Posted by: Dan Fabulich | Comments (25)
This is the third blog post in a series of posts on Google AdSense. In the first post, I explained how Google has banned us from AdSense; in the second post, I wrote about our best guess as to why they banned us. In this blog post, I discuss my personal feelings about this turn of events.
On the face of it, you’d think I’d be more upset with Google.
Google’s AdSense appeals process seems completely ridiculous on its face, and it is. I’ve heard more than one Googler describe an AdSense appeal as a “kangaroo court.” Where else can you be required to testify in absentia, without access to the evidence against you? Where a single autocratic judge decides whether or not you’ll be banned for life?
But despite how ridiculous this appeals process is, I understand its purpose; if I were in Google’s position, I’d probably do the same thing.
AdSense has done a lot of good for a lot of writers and developers whom I very much respect. But AdSense’s value to writers and developers comes from the advertisers that pay for ads; those advertisers are paying for potential customers. When ordinary people click on ads to “support” webmasters, they undermine the value of AdSense to advertisers. If these supportive clicks went unchecked, AdSense would be basically worthless.
AdSense is a basically good program from which innocent webmasters must be banned, before their overenthusiastic supporters tear down the system. I know that I am innocent, but Google can’t really know that, and they certainly can’t be expected to believe that all of our fans are innocent, too.
Imagine if it were your job to ban suspicious activity, and someone with two AdSense accounts (ding!) with hundreds of supportive fans (ding!) who shares his AdSense revenue with strangers (ding! ding! ding!) says he has done nothing wrong. It doesn’t matter if he’s telling the truth; his story is inherently suspicious. If it were my job to ban suspicious activity, I’d ban Dan Fabulich, too!
So I’m not mad at Google; I’m just hurt. I feel like Google just broke up with me.
Perhaps that seems a little too personal, but Google’s policy is to ban human beings, not just business entities. Both of my AdSense accounts were shut down within 24 hours, and Google has made it clear that I can never participate in the program again.
That means I can never use Google ads on any website I own — for the rest of my life. Furthermore, I can never put Google Feedburner ads in my RSS feeds. I can never use Google DoubleClick for Publishers to install my own private ads on my own site. I can never install Google ads on my Google Android apps. I, Dan Fabulich, am persona non grata at Google.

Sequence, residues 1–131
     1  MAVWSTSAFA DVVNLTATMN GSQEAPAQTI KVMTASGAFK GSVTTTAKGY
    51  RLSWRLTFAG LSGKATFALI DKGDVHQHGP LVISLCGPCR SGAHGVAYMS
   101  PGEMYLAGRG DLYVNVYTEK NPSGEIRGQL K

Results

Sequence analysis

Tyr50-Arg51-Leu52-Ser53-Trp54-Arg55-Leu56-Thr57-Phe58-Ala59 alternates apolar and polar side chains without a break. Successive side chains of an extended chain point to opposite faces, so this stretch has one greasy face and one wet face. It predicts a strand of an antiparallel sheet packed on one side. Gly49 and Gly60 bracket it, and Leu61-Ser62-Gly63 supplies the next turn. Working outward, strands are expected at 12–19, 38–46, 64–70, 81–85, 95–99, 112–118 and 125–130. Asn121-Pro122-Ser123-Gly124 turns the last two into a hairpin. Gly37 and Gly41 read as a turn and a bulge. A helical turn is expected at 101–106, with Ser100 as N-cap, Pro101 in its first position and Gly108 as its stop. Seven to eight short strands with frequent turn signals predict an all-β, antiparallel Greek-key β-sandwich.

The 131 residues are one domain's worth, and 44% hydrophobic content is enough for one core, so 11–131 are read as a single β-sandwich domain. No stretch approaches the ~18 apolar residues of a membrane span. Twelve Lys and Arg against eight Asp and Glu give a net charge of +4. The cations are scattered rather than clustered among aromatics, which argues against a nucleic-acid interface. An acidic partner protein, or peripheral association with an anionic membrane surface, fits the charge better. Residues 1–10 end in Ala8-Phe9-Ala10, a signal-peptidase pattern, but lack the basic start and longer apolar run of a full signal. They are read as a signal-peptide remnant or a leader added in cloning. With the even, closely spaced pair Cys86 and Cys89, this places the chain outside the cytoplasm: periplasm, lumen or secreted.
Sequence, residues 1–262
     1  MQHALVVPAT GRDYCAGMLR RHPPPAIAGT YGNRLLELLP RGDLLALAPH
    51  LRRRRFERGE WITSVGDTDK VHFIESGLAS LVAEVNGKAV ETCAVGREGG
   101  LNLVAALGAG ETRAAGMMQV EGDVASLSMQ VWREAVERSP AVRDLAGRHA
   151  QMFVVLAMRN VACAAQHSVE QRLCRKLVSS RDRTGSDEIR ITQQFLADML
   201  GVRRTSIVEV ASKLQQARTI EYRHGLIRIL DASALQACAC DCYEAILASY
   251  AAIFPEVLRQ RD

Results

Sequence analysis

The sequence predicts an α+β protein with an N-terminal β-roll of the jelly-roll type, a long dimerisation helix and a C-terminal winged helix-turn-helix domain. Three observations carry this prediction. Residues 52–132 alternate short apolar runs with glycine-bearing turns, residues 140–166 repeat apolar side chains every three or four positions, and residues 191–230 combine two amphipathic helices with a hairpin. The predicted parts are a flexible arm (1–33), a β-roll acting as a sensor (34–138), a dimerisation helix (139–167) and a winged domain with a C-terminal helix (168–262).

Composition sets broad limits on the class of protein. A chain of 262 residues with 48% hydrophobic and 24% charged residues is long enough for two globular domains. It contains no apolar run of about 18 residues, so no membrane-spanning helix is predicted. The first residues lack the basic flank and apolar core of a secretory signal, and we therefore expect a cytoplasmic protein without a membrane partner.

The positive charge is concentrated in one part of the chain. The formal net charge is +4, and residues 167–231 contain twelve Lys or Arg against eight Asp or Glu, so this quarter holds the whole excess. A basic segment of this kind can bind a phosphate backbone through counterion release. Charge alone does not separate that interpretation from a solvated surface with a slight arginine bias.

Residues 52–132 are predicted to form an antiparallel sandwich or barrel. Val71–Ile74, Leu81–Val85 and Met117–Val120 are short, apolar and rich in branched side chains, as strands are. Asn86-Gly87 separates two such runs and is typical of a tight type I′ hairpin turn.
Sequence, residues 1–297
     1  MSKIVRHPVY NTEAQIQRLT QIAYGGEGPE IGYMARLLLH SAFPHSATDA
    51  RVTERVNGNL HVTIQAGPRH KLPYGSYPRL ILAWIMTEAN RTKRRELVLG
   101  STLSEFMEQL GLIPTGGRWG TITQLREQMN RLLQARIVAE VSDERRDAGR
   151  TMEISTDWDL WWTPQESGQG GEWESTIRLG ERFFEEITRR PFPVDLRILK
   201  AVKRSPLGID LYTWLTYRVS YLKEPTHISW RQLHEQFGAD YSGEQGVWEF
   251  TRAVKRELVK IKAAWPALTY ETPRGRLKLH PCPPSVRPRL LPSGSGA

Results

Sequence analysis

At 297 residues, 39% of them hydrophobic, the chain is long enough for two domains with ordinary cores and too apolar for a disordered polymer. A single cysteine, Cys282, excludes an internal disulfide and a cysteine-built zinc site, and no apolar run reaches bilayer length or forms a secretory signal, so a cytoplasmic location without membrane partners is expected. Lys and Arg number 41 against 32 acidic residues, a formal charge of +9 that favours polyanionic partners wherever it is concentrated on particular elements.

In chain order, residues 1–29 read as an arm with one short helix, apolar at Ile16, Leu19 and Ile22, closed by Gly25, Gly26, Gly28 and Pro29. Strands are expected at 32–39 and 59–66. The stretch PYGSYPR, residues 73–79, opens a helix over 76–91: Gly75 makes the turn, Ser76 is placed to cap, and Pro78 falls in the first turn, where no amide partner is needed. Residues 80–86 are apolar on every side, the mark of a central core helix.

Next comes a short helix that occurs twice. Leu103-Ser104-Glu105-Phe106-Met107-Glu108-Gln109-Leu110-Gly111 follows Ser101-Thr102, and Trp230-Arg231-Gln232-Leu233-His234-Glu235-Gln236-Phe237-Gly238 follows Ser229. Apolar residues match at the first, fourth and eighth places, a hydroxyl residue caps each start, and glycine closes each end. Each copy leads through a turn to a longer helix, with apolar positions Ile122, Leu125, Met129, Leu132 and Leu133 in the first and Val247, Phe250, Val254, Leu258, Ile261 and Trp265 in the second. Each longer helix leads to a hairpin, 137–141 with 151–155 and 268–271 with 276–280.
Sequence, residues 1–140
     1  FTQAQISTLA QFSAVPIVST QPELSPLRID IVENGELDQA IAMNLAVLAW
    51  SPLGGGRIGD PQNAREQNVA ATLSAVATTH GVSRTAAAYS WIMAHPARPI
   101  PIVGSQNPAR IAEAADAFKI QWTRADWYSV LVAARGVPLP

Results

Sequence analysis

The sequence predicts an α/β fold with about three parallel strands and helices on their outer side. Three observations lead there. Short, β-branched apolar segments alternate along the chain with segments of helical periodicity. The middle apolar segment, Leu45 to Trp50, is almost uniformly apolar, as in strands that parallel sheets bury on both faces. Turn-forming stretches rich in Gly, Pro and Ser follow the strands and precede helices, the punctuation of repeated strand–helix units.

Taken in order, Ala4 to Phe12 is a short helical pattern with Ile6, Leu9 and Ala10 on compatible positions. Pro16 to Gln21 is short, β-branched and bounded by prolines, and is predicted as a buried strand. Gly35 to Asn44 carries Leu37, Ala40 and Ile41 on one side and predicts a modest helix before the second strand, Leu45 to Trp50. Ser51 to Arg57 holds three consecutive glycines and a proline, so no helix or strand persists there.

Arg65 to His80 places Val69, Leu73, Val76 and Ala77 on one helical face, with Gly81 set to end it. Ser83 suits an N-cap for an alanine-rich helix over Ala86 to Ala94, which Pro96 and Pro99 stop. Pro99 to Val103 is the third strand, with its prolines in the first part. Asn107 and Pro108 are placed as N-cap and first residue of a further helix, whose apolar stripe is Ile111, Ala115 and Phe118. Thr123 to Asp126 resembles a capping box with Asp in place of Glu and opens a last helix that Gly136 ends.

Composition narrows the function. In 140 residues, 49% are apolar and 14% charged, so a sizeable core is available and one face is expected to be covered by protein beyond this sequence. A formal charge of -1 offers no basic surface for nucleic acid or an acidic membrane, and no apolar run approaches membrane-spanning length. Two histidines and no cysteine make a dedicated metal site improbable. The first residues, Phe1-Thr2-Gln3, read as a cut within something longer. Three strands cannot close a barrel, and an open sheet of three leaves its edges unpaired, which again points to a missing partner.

That really hurts. I’m good friends with a number of people who work at Google (though not with anyone on the AdSense team); I’ve worked closely with Googlers over the years on projects big and small. Whenever I went to visit Google’s Mountain View campus, it felt like a warm, inviting place, brimming with potential. I don’t think it’ll feel like that the next time I visit.
Unfortunately for Google, they’ll never know what they missed out on by banning us, and others like us. For example, this weekend I was planning to speak on a mini-panel on Interactive Fiction at PAX, where I planned to argue that Google AdSense should be the future of interactive fiction.
Instead, I no longer believe that anyone can safely build a business around Google AdSense. AdSense is a fundamentally unsound business partner because Google is forced to ban innocent webmasters (false positives) to keep the project alive; if you depend on Google AdSense for your livelihood, you should be looking for the exits right now.
Like a good breakup, I have a hunch that being banned from AdSense might be the best thing that ever happened to me. We were making money with AdSense, but not a lot of money, and now we’ll have to figure out ways to make money without it. We’ll have to learn how to develop products that people are willing to pay for. We’ll discuss some of those ideas in our next blog post.